The dramatic video, released by the King County Prosecutor’s Office, shows Meis charging at Ybarra, hitting him in the face with pepper spray and then taking him down to the ground, pulling the gun from his hands.
The video starts with Ybarra, armed with a long gun, walking into the building and pacing around. He then shoots a woman as she walks down the stairs. The woman stumbles off as Meis appears, stopping the gunman.
You can watch the video below (Warning: Graphic):
Ybarra is accused of killing one student and injuring two others in the June 5, 2014, attack at Otto Miller Hall, according to The Seattle Times.
Paul Lee, a 19-year-old freshman, was killed. A 24-year-old man and a 19-year-old woman were seriously injured.
Aaron Ybarra, then 26, had just opened fire before he was taken down, police said. He had a long history of mental illness and was not a student at the small Christian school, authorities said.
An edited video shows the encounter between Ybarra and Meis up close:
Meis was hailed as a hero after the shooting and the Congressional Medal of Honor Foundation named him as one of its recipients the Citizen Honors Program in 2015.
Meis issued a statement after the shooting, describing what happened in his own words:
Words cannot come close to expressing the tragedy that occurred this past week on our campus. Like everyone else, I would hear of these horrible events on the news, but go home knowing that it could never happen to us. On Thursday, my life changed. I was thrown into a life and death situation, and through God’s grace I was able to stop the attacker and walk away unharmed. As I try to return to a normal life in the aftermath of this horrible event, I pray above all things for strength for the victims and their families. While my experience left me in physical shock, I know that many people are dealing with much greater grief than I have experienced, and in honesty I probably would not be able to handle it myself right now if I had personally known the victims.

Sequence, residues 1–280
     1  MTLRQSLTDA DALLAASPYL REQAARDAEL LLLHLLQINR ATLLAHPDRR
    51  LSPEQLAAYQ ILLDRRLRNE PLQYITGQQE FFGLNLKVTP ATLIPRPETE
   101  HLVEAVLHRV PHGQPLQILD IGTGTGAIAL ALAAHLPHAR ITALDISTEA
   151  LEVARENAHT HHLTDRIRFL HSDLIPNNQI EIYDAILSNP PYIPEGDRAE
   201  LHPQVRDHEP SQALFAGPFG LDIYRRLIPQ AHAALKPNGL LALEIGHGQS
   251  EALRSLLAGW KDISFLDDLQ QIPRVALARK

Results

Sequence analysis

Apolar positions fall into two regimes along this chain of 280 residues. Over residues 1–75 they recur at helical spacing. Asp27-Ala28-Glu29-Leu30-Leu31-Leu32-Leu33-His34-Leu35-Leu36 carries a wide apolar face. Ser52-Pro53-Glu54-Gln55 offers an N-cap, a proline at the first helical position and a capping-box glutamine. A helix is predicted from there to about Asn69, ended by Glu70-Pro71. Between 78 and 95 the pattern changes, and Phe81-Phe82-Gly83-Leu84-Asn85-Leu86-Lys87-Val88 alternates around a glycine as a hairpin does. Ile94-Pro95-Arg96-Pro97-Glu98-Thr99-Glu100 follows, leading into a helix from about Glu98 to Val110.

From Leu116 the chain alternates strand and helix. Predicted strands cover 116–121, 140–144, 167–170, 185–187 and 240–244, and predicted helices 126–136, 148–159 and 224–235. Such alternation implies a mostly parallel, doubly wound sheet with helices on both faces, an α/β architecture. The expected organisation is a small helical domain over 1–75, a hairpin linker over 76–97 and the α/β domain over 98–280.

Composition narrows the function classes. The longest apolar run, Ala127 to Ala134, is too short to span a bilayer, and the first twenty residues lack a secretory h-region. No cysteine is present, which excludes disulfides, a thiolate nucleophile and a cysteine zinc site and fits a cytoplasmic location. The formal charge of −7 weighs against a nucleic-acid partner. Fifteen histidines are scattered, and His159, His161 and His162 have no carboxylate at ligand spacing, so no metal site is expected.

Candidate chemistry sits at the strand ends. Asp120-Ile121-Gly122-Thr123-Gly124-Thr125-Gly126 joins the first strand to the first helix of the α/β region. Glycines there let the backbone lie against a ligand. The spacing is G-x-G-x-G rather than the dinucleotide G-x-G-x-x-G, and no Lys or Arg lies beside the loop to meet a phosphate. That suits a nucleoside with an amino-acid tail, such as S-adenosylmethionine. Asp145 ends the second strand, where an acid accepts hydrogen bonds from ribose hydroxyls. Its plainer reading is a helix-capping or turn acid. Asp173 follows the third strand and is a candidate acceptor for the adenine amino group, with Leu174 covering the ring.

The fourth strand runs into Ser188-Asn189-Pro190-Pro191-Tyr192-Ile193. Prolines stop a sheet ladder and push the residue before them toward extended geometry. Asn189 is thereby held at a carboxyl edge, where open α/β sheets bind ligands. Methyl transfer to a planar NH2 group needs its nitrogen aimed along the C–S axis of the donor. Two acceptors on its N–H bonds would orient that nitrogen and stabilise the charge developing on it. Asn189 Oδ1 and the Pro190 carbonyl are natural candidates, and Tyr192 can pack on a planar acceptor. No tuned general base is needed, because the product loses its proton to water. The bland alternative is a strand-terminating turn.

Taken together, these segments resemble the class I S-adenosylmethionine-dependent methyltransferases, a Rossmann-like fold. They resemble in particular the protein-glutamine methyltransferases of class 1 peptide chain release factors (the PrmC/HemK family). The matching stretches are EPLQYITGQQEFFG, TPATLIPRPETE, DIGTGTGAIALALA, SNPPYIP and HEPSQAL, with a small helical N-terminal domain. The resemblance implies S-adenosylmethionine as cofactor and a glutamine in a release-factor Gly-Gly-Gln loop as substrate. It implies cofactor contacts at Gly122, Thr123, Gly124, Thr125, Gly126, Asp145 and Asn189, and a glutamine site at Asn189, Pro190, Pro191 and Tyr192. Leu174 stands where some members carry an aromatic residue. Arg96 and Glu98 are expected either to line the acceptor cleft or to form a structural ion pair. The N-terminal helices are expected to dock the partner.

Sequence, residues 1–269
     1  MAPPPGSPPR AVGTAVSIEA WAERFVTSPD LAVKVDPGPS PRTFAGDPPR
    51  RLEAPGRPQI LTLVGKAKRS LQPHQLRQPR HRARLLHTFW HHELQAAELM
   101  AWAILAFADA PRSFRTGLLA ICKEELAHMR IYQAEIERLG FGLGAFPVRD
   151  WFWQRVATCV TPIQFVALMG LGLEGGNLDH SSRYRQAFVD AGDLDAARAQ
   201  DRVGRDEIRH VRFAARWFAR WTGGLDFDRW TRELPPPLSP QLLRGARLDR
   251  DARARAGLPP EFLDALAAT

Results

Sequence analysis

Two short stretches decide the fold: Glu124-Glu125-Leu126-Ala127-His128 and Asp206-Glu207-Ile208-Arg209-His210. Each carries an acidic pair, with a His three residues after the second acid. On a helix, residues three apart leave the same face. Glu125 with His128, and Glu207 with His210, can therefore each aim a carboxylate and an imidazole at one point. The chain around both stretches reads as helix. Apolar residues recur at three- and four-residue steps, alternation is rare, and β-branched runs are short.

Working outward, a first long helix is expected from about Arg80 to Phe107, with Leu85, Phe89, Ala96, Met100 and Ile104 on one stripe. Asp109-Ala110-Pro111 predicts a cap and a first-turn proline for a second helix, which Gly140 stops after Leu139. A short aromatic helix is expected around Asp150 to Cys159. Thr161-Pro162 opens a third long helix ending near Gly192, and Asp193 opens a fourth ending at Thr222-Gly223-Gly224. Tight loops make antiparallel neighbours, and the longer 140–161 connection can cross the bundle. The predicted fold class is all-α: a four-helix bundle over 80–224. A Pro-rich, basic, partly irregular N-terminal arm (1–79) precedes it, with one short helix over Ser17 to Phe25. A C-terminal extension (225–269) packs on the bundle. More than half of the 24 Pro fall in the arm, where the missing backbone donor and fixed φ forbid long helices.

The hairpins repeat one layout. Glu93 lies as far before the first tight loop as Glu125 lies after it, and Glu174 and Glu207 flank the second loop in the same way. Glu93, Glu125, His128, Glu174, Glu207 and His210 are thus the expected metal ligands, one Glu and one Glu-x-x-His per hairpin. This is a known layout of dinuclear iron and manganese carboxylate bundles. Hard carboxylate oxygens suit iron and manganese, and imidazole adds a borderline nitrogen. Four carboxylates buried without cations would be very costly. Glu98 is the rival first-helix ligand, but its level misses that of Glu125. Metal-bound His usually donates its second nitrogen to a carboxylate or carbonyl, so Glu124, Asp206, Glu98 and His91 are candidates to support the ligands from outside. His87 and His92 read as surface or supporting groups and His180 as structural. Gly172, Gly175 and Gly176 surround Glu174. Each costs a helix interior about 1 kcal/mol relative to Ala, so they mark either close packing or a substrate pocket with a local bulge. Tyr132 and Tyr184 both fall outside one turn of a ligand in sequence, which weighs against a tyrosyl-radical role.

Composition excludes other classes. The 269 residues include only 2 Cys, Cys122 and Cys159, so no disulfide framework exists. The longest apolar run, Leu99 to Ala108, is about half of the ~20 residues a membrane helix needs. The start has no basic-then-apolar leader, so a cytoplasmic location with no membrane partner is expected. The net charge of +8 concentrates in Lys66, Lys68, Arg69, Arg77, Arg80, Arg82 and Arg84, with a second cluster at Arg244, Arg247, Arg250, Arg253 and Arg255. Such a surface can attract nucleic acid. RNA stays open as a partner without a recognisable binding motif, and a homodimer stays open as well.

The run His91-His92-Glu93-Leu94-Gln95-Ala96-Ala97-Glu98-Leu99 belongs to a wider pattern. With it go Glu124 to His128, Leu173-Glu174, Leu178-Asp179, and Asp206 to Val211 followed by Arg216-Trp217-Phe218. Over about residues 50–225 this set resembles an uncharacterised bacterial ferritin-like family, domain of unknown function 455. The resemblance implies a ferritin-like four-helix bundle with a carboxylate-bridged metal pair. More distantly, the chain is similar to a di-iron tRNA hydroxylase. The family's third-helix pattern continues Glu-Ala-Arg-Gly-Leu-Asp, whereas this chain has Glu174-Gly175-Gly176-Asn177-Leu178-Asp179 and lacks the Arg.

I know that I am being hailed as a hero, and as many people have suggested I find this hard to accept. I am indeed a quiet and private individual; while I have imagined what it would be like to save a life I never believed I would be put in such a situation. It touches me truly and deeply to read online that parents are telling their children about me and telling them that real heroes do exist.
However, what I find most difficult about this situation is the devastating reality that a hero cannot come without tragedy. In the midst of this attention, we cannot ignore that a life was taken from us, ruthlessly and without justification or cause. Others were badly injured, and many more will carry this event with them the rest of their lives. Nonetheless, I would encourage that hate be met with love. When I came face to face with the attacker, God gave me the eyes to see that he was not a faceless monster, but a very sad and troubled young man. While I cannot at this time find it within me to forgive his crime, I truly desire that he will find the grace of God and the forgiveness of our community.
I would like to truly thank the responders who secured the building and the medical staff who looked after myself and those who were injured. After being in this situation myself, it is even harder to imagine what it would be like to have a job where one’s life is willingly put on the line every day. To our police, emergency responders, and armed forces, you have my greatest respect.
He graduated from Seattle Pacific in 2014, and received an enormous ovation at graduation:
Ybarra is facing charges of premeditated first-degree murder, two counts of attempted first-degree murder and second-degree assault. His trial is set to begin in September 2016 and his attorney has indicated in court papers that he plans to pursue an insanity defense, according to The Seattle Times.
The video was released against the will of county officials and Seattle Pacific University, which have said it would cause trauma if made public. The King County commissioner’s office barred the release of the video through a restraining order, and argued the TV stations in Seattle were trying to use the graphic video of the shooting to boost ratings, according to The Times. The ruling was later overturned by an appellate court, the newspaper reports.